Predictably if unfortunately, the U.S. Olympic Committee on Tuesday decided to stay the course — at least for now — with the “partners” who threaten to drag it down, Boston 2024, officials saying they want time to judge if Boston’s Bid 2.0, a nakedly jacked-up economic development project, can turn matters around.
An Olympics is supposed to be about the athletes. A celebration of sport and ideals: friendship, excellence and respect. You wouldn’t have known that from the news conference immediately following the USOC’s board of directors meeting, in which USOC and Boston 2024 leaders focused almost exclusively on urban development, Boston 2024 chairman Steve Pagliuca saying of Bid 2.0, “What has transpired since [its] release yesterday is the discussion now is this is an amazing economic development program that allows the state and city to accomplish a lot of goals, including jobs.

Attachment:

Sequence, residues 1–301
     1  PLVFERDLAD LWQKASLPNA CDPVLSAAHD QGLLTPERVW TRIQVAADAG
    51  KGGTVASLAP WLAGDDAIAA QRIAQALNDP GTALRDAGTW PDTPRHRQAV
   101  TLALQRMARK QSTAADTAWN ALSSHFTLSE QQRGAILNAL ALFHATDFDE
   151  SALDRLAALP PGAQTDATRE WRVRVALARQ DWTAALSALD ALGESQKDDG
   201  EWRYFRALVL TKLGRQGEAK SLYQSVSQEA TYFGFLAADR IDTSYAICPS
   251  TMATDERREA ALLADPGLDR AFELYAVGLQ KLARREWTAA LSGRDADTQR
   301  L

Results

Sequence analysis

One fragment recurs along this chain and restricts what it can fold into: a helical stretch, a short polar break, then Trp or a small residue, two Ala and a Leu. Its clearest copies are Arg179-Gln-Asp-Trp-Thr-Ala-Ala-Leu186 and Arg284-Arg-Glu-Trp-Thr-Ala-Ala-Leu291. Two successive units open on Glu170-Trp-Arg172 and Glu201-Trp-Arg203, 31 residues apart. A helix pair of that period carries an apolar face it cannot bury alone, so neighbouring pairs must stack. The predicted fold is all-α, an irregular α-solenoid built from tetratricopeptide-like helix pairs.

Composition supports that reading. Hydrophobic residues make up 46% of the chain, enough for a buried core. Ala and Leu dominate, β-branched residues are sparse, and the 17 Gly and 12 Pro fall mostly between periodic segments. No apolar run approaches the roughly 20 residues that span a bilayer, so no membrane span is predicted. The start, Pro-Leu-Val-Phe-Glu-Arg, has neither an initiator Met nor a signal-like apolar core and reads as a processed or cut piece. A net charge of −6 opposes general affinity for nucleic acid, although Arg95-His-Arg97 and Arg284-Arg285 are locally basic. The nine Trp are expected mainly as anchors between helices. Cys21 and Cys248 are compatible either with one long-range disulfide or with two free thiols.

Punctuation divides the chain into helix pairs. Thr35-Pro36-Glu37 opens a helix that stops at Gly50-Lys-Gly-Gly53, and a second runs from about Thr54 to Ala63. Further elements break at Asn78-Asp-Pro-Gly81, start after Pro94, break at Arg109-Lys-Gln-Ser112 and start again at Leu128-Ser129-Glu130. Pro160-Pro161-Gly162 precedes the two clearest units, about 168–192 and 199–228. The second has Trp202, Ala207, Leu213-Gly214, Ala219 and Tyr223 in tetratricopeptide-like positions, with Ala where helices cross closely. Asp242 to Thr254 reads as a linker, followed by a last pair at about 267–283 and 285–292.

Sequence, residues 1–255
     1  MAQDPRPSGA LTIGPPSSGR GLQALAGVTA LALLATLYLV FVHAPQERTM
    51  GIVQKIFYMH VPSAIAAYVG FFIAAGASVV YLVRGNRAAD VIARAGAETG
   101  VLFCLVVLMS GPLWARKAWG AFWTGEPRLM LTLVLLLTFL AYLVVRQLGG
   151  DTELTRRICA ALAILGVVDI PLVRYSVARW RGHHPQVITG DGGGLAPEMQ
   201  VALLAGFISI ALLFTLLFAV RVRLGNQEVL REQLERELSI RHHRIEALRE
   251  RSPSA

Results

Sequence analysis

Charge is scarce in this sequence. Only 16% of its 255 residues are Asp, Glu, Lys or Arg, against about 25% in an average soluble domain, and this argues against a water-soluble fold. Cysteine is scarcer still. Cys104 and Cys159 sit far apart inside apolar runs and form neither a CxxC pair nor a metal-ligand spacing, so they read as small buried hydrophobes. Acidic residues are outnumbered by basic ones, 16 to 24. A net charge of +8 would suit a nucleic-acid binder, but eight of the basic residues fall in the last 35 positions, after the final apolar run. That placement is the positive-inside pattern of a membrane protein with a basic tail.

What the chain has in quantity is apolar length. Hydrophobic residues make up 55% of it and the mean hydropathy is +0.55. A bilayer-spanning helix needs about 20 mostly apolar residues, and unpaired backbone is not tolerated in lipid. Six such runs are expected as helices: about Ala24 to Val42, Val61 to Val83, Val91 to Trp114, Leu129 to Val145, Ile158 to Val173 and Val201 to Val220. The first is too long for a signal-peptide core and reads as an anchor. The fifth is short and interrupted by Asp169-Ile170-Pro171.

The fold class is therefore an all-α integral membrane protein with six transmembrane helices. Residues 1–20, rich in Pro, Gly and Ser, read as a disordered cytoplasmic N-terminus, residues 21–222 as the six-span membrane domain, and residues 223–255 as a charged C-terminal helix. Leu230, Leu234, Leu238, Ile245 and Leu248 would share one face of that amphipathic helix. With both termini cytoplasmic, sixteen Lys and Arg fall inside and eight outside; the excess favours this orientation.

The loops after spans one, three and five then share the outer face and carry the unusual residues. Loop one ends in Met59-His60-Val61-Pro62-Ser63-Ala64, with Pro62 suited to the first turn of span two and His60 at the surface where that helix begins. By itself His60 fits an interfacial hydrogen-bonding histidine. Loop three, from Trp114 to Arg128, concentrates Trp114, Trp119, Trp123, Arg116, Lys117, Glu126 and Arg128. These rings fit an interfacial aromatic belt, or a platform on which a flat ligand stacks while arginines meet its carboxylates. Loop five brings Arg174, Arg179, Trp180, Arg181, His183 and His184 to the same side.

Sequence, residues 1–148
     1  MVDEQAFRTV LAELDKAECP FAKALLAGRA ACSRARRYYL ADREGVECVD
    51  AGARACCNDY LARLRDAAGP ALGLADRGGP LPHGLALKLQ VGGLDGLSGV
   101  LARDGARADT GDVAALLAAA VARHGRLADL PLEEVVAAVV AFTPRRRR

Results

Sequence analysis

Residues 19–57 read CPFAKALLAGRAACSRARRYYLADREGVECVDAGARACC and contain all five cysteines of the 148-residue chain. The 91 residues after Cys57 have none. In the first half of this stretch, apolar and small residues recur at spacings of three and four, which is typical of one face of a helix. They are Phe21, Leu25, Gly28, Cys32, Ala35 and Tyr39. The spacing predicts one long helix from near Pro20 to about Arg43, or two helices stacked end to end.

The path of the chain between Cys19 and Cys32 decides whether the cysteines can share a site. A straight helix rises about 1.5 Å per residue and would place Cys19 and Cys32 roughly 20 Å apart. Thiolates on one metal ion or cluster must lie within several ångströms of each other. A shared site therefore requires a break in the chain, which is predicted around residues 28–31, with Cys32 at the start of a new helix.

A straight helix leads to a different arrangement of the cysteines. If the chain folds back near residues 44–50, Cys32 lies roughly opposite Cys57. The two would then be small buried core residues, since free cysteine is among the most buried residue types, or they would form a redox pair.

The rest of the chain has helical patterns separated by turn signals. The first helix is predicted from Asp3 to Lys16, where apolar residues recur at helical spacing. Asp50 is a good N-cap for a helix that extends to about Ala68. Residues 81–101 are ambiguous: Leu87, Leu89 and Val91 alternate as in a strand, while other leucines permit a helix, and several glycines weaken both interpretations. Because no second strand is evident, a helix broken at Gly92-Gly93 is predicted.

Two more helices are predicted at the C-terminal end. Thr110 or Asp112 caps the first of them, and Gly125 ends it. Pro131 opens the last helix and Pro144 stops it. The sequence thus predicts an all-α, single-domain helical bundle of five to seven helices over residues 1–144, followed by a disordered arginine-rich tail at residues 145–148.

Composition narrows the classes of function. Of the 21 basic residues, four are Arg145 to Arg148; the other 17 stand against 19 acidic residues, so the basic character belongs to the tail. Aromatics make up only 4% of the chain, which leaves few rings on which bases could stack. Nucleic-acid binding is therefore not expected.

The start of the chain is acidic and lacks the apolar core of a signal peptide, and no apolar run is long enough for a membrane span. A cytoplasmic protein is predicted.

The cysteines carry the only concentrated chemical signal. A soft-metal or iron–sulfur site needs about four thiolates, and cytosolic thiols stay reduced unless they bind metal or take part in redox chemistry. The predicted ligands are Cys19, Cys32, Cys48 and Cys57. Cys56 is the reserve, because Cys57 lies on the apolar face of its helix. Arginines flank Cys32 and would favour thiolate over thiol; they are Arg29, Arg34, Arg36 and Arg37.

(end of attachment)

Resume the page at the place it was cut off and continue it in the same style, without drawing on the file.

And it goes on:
“This program includes 100,000 job years,” he said, adding, “That’s the gross number of jobs created by the Olympics itself, and by the infrastructure that’s needed for the Olympics. It brings in billions of dollars to the region. Housing. And all sorts of other educational and other opportunities for youth. I think we have to have a new discussion on that opportunity and that we represent the United States in one of the most important sporting events in the world.”
A moment later, again: “This is a rare opportunity. It is a once-in-a-lifetime opportunity. I haven’t seen an economic development opportunity this large in the last 35 years in Boston. It’s the opportunity of a generation.”
Gosh, if only Bud Greenspan were still alive to have filmed such a moving and touching soliloquy to the Olympic Games and all they stand for.
If the USOC had the guts to do what it should do, what it knows it needs to do, it would drop this nonsense and get on with a bid from Los Angeles.
It would run LA for 2024 and, if need be, 2028.
The low polling numbers in Boston, with approval ratings at 39 percent — or if you want to be charitable, in the 40s — are evidence of how poorly this thing has been received.